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Nonarticular Rheumatism/Regional Pain Syndrome Treatment & Management

  • Author: David Rabago, MD; Chief Editor: Herbert S Diamond, MD  more...
Updated: Dec 06, 2015

Medical Care

Patients with fibromyalgia and multiple bursitis-tendonitis syndrome are most likely to benefit from a multicomponent program.[19] The European League Against Rheumatism (EULAR) recently published an evidence-based review of treatment modalities, as follows[20] :

  • Sedating antidepressant (tricyclic) at night
  • Activating antidepressant in the morning
  • Low-level aerobic exercise and physical therapy, including heat or ice
  • Meditation training (Mindfulness meditation is recommended.)
  • Subcutaneous tender-point injections
  • EMG biofeedback and hypnotherapy
  • Psychotherapy and stress management
  • Cognitive behavior therapy program

For acute exacerbations (first 24-48 h) of regional and local bursitis and tendonitis, the following treatments are used:

  • Rest
  • Immobilization
  • Ice
  • Nonsteroidal anti-inflammatory drugs (NSAIDs)
  • Physical therapy
  • Antibiotics for infection
  • Chronic pain treatment
  • Local heat
  • NSAIDs
  • Tennis elbow strap for lateral epicondylitis
  • Padding for bursa and Achilles tendon
  • Local injection of bursa or tendon with lidocaine and long-acting steroids for cases resistant to conservative therapy: Infection must be ruled out prior to the use of steroids, especially in patients with olecranon and prepatellar bursitis. Never inject into the Achilles tendon because of the risk of rupture.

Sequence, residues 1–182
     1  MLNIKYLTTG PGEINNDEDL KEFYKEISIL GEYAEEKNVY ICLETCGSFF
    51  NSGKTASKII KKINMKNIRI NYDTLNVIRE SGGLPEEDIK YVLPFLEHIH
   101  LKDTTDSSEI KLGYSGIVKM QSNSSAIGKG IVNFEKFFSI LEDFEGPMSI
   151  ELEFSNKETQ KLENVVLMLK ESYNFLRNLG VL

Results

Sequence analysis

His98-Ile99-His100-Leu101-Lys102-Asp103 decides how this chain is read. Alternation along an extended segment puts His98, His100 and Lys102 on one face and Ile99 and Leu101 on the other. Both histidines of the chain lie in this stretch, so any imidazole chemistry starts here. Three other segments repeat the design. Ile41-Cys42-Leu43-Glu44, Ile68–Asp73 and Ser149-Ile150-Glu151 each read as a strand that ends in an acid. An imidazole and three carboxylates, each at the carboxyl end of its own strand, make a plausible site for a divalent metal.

• Bursal aspiration and sometimes sclerosis with tetracycline
  • Assessment of home and workplace habits such as posture and repetitive motion

Alterations in sleep position may benefit persons with neurovascular entrapment such as thoracic outlet syndrome (ie, avoiding arm hyperabduction) and carpal tunnel syndromes (avoiding wrist flexion). Women with heavy pendulous breasts may need brassieres with proper support. Exercises to correct postural deficits are necessary. Night wrist splints may be curative in carpal tunnel syndrome. Postural therapies such as Alexander or Feldenkrais might be beneficial.

Proper foot support and orthotics can benefit persons with tarsal tunnel syndrome. NSAIDS can be tried for carpal and tarsal tunnel syndromes. Local long-acting steroid injection can be helpful in carpal and tarsal tunnel syndromes.

Goode et al (2010) estimated the prevalence of chronic neck pain to be 2.2% in North Carolina in 2006. The authors found an overuse of diagnostic testing, narcotics, and unproven modalities in these individuals, as well as an underuse of effective treatments such as therapeutic exercise.[21]

A meta-analysis of the use of corticosteroid injection for tendinopathy showed good short-term outcomes. However, intermediate and long-term outcomes may be better with prolotherapy, botulinum toxin, or platelet-rich injection therapies. Most of these latter studies have been small; studies that are more comprehensive are needed before any firm recommendations can be made.[22]

A 2011 article demonstrates the possibility of using leech therapy for lateral epicondylitis. Such therapy may be helpful, but there will likely be barriers to overcome before patients and practitioners accept this mode of therapy.[23]


Surgical Care

See the list below:

  • No surgical care is necessary for fibromyalgia or multiple bursitis-tendonitis syndrome.
  • Chronic local bursitis and tendonitis occasionally require bursectomy or excision of the inflamed tissue around the tendon, respectively, if conservative measures fail.